To his knowledge, Medred responded, county staff had not required such documentation, as no herbaceous or forested wetlands would be affected by the plans.

“There are mangroves [in the area],” Schleifer said, adding that the Paradise Cove residents live on Sabal Lake. They have had to preserve the existing mangroves, he continued, noting that any construction has had to take place upland of the mangroves.

This sign for Paradise Cove is featured on the WeSellSarasota.com website, which offers condominiums for sale on the property. Image from WeSellSarasota.com

“I do believe you are required to do an environmental study,” Schleifer told Bailey and Medred. The area around Sabal Lake, he added, is “actually an entire stormwater management system for our area,” including Peacock Road, Old Stickney Point Road and Sabal Drive. The system has “many swales and retention ponds,” he pointed out, “and there’s a connection to the Intracoastal Waterway.” It is “there to prevent flooding. It’s quite a serious system.”

Bailey assured Schleifer that the project team would make certain the hotel construction would have no adverse effects on that system.

A May 21, 2020 form for the Kompothecras projects that was completed by Sarasota County DRC members did note that the hotel would be located in the Dona/Roberts Bay watershed, The Sarasota News Leader found. However, the Environmental Protection Division staff did not call for a study, as Medred had noted during the workshop.

Questions raised about proposed Kompothecras hotel bar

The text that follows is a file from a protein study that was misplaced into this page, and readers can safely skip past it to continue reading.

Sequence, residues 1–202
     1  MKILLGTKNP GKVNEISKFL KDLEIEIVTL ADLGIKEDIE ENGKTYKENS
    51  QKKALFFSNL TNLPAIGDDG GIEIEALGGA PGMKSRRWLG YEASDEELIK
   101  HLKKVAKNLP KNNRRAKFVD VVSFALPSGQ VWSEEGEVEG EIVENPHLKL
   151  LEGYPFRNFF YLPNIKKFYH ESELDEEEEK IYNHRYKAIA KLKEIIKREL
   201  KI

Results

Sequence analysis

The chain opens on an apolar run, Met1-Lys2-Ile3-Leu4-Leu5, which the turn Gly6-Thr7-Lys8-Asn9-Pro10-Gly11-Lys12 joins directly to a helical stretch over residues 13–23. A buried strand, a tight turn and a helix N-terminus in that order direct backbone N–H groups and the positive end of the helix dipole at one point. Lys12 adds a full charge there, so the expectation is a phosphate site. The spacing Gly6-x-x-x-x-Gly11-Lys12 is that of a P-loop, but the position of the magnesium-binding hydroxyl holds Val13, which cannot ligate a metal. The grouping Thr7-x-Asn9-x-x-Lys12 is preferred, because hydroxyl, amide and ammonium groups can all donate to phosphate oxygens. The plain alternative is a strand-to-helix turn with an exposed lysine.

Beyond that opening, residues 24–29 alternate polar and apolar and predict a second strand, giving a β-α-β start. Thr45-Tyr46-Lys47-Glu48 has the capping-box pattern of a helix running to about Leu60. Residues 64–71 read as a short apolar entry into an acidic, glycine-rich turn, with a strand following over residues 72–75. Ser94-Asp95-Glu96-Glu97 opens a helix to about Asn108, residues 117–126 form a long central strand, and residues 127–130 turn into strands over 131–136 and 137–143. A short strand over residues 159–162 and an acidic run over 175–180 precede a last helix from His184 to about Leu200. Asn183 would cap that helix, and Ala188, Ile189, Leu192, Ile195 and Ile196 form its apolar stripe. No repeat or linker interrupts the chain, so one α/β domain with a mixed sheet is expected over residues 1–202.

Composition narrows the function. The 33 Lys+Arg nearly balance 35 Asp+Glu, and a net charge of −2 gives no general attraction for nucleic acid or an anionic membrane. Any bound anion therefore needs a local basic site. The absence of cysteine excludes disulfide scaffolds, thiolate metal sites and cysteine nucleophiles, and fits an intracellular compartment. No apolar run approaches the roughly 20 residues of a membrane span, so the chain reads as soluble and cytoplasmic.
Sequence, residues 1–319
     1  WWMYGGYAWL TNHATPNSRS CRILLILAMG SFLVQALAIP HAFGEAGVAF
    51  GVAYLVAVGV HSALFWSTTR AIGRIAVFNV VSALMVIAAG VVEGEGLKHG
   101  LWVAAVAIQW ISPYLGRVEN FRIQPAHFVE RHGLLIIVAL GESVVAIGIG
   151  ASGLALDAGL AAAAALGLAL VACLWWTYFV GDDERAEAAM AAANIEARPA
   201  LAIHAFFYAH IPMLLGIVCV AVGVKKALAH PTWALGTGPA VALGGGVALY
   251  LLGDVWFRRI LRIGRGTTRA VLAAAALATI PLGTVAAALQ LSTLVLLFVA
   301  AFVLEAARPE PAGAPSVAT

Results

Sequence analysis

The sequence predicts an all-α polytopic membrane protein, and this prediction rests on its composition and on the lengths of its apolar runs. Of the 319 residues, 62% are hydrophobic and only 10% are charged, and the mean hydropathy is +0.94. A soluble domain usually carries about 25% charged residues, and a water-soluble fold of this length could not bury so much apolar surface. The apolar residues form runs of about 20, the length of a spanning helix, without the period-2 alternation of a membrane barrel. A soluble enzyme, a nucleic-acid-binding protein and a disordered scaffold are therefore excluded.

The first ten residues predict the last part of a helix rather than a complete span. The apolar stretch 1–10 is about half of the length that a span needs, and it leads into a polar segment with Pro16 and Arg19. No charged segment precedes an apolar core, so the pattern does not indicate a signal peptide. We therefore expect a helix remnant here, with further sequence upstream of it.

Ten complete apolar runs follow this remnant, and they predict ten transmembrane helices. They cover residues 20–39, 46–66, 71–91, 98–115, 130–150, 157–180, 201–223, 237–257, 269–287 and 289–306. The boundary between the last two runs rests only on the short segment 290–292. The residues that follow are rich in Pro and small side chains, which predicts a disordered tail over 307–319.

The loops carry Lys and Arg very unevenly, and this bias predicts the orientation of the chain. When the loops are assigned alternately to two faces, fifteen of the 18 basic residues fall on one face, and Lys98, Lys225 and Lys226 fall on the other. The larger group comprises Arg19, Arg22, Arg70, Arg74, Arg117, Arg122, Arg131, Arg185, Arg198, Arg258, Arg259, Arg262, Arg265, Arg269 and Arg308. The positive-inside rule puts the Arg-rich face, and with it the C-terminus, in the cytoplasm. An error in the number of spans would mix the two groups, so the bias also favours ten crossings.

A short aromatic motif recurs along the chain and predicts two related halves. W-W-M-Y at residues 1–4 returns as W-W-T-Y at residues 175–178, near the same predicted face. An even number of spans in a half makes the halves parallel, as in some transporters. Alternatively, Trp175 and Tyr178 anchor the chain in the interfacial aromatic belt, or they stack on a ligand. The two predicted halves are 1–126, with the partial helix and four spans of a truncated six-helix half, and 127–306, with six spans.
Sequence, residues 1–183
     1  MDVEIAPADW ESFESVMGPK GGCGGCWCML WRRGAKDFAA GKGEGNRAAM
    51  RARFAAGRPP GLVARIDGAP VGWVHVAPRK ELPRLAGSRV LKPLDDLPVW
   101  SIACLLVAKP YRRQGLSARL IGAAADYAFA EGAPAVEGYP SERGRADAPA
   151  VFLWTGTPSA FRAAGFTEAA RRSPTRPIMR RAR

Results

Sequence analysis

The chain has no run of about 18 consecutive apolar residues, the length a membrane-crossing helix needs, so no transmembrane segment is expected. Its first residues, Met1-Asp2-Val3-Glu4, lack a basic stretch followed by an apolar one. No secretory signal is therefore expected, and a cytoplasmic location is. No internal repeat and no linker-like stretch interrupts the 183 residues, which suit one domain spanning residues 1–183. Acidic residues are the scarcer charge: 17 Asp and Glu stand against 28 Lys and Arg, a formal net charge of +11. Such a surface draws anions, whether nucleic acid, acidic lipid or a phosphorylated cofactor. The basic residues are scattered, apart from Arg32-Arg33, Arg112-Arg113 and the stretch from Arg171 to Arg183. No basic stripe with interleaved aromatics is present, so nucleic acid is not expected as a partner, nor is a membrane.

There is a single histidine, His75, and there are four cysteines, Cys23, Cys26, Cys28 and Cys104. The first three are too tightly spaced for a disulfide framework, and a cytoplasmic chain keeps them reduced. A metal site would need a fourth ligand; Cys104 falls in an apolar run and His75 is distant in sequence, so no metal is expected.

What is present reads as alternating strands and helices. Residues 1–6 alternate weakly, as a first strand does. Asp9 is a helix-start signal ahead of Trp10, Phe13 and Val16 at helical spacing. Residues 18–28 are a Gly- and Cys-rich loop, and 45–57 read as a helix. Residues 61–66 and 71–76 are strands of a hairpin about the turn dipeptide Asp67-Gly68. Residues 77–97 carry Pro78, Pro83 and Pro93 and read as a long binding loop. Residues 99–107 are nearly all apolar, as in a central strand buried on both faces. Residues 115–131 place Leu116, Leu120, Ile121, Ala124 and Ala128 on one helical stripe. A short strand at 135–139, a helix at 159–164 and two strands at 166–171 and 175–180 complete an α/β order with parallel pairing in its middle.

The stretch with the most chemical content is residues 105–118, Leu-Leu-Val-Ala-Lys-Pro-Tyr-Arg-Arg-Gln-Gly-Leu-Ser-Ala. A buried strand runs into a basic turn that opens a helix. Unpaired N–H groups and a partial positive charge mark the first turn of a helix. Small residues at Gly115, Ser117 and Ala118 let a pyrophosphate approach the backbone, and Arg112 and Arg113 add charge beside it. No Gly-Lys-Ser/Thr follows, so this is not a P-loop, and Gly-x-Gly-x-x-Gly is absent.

Yet another question participants raised during the Dec. 15 Neighborhood Workshop on Dr. Gary Kompothecras’ proposed hotel and parking garage focused on a bar planned in the hotel.

This graphic included in the preliminary application filed for the hotel project in May shows the zoning designations around the hotel site. Image courtesy Sarasota County

In response to a question from Siesta Key Association Director Margaret Jean Cannon, Robert Medred of Genesis Planning & Development said the bar would be located in the interior of the seventh floor. That level also will be the site of the outdoor pool for guests, he said.

Persons using the pool would be able to access the bar, Medred added.

Cannon said she did not realize that Kompothecras was seeking a liquor license for the hotel.

Court of Appeal tentatively agrees to oral arguments in Cosentino case

On Dec. 23, 2020, Florida’s Second District Court of Appeal granted Siesta resident Mike Cosentino’s request for oral arguments in his North Beach Road and county Charter amendments case.

However, the court order did include a caveat: “Oral argument will be scheduled and, unless decided otherwise by the merits panel, conducted.”

A 1994 article in The Record, the journal of the Appellate Practice Section of the Florida Bar, explains, “The Second District routinely assigns an oral argument date in most final appeals in which an oral argument is requested.”

The Dec. 23 order was signed by Mary Elizabeth Kuenzel, clerk of the court.

Mike Cosentino addresses the County Commission on Aug. 29, 2018, during a discussion of his proposed Charter amendments. File photo

Florida Rules of Appellate Procedure allow for 20 minutes for each side during oral arguments, except in capital cases, when the time limit is 30 minutes.

After Cosentino filed his motion for oral arguments, Assistant County Attorney David Pearce responded in a Dec. 15, 2020 brief. Pearce first noted that even though the court gave Cosentino an extension of time to file his reply to the answer briefs submitted by the other parties, Cosentino filed his reply brief one day late, “without requesting additional time from the Court. Earlier this year,” Pearce continued, “[Cosentino] also filed his initial brief one day late without leave from the Court.”